World Cup 2022: Football cannot be an inclusive environment for gay men when Qatar hosts its biggest tournament

The 2022 World Cup in Qatar brings LGBTQ issues in football firmly to the fore given the country’s stance on homosexuality, writes MATT DICKINSON.

How can football be an inclusive environment for gay men when the World Cup is in Qatar? Picture: Alexander Hassenstein/Bongarts/Getty Images.
How can football be an inclusive environment for gay men when the World Cup is in Qatar? Picture: Alexander Hassenstein/Bongarts/Getty Images.

And so to 2022, the year of Qatar. A desert state that needs lots of vast gleaming football stadiums, like Boris Johnson needs another extravagant Downing Street refurbishment.

A winter World Cup that Qatar claims to have won entirely fairly and squarely, so it must just be an unfortunate coincidence that 16 of 22 Fifa executives involved in the voting have either been banned or accused of or indicted in corruption inquiries.

They voted for darts on the moon. They voted for hosts who have grotesquely exploited cheap, migrant labour. “Personally, I will not watch it,” Eric Cantona said this week.

I am sure I will, and probably you will too, but that does not mean we should stop thinking about all the reasons why it seemed so absurd in the first place. This will be the sporting event, story and venue of the year, which also means that LGBTQ issues in football cannot be ignored.

Tom Daley certainly brought them into focus in his Alternative Christmas Message on Channel 4 in which our favourite knitter, and diver, spoke out against the tournament. How can sport proclaim it is for everyone, Daley asked, when the world’s most popular game takes its most prized asset to Qatar?

As Daley put it: “In 2022 the World Cup is being held in the second-most dangerous country on earth for queer people. Why are we allowing places that aren’t safe for all fans and all players to host our most prestigious sporting events? Hosting a World Cup is an honour. Why are we honouring them?”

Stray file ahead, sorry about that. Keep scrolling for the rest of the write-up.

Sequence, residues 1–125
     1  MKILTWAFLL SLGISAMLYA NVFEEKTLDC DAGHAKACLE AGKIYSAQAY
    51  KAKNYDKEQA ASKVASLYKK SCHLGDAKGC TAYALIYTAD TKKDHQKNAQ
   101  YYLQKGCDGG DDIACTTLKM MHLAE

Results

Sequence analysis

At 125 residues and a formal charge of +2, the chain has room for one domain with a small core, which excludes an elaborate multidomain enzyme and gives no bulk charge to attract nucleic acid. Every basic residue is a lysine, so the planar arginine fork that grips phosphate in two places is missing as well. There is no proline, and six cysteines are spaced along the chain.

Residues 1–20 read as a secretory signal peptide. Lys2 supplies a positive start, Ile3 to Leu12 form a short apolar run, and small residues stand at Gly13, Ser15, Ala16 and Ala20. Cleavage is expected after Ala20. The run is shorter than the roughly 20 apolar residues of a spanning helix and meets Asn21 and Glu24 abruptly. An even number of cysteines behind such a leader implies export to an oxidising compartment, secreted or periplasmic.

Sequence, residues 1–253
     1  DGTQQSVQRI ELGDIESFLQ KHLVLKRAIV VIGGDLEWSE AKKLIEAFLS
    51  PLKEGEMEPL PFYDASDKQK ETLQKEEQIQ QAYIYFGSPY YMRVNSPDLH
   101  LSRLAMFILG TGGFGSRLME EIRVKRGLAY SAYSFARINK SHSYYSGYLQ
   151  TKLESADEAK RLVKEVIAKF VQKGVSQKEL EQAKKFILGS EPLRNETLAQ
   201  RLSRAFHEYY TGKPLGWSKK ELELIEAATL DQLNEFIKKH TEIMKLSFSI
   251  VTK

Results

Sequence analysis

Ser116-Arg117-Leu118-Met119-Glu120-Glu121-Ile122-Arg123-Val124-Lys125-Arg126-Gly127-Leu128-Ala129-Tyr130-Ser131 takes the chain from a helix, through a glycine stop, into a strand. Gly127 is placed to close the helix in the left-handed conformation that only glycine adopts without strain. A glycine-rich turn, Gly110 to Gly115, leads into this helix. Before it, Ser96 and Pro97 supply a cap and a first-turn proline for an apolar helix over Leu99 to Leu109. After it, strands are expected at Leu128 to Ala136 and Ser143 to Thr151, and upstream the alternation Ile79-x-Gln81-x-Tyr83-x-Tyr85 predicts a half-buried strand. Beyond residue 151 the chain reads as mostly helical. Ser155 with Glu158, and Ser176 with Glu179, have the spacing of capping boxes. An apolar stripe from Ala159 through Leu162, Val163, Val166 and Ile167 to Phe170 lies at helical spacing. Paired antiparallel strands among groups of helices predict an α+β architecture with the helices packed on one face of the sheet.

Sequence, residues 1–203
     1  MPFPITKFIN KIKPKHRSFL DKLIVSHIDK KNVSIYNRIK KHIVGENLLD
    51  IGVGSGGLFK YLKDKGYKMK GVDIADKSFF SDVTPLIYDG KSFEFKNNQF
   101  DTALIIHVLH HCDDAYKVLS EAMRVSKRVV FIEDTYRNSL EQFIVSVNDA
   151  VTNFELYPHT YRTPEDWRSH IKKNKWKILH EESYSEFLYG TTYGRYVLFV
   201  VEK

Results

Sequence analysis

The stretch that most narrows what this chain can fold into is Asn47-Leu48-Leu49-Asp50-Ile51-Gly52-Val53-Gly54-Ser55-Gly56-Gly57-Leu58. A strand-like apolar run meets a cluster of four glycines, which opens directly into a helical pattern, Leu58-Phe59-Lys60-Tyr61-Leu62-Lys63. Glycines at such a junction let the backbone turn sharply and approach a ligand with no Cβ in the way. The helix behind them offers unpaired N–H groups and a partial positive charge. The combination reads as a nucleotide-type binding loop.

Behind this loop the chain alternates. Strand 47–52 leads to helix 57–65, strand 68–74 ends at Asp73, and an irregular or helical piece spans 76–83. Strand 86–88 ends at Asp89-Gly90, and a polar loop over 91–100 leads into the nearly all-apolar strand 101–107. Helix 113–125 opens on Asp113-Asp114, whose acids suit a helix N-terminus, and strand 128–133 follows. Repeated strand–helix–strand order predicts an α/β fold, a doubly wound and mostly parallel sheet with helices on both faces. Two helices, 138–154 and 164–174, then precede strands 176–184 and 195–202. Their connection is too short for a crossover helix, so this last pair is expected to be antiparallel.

Tom Daley raises the right questions around Qatar hosting the 2022 FIFA World Cup. Picture: Chen Jianli/Xinhua via Getty Images.
Tom Daley raises the right questions around Qatar hosting the 2022 FIFA World Cup. Picture: Chen Jianli/Xinhua via Getty Images.

Good question. Qatar will put itself on best behaviour for a month but only the most gullible will think that this will do any good for the gay community, who, in that emirate, live in fear of arrest simply for online activity. Rainbow flags will be permitted in stadiums (a concession we are supposed to celebrate, hurrah for liberties!) but we wait with trepidation to see how a Pride march or protest is received, if anyone dares.

We need to think about this but, while we do so, we should address another important thing that Daley said which brought the issue much closer to home. In that speech, Daley set out his wish for 2022: “That one impossibly brave Premier League player steps forward and says, ‘I am gay.’ ”

Daley had done some sums that if nearly 7 per cent of people in the UK identify as gay or bisexual and there are about 500 Premier League players, there must be “at least one gay man at every single club in the Premier League, living a lie”.

His words were well intentioned. His sums were intended to prove a point — but perhaps there is a more important point to be made in saying that he almost certainly got his sums wrong.

How likely is it that elite football is proportionate in LGBTQ representation to the rest of society? As Jon Holmes, who heads up the Sports Media LGBT+ group, asks, how many kids have been put off “a sport not for me” because of a deeply entrenched culture of homophobia?

How many fall away as promising teenagers because they do not feel welcome, or able to be themselves? How many sense that a weekend of rainbow laces is just lip service when those, like Jürgen Klopp, who actively join the discussion are notable exceptions? How seriously is any of this taken by a Premier League that embraces owners from Saudi Arabia?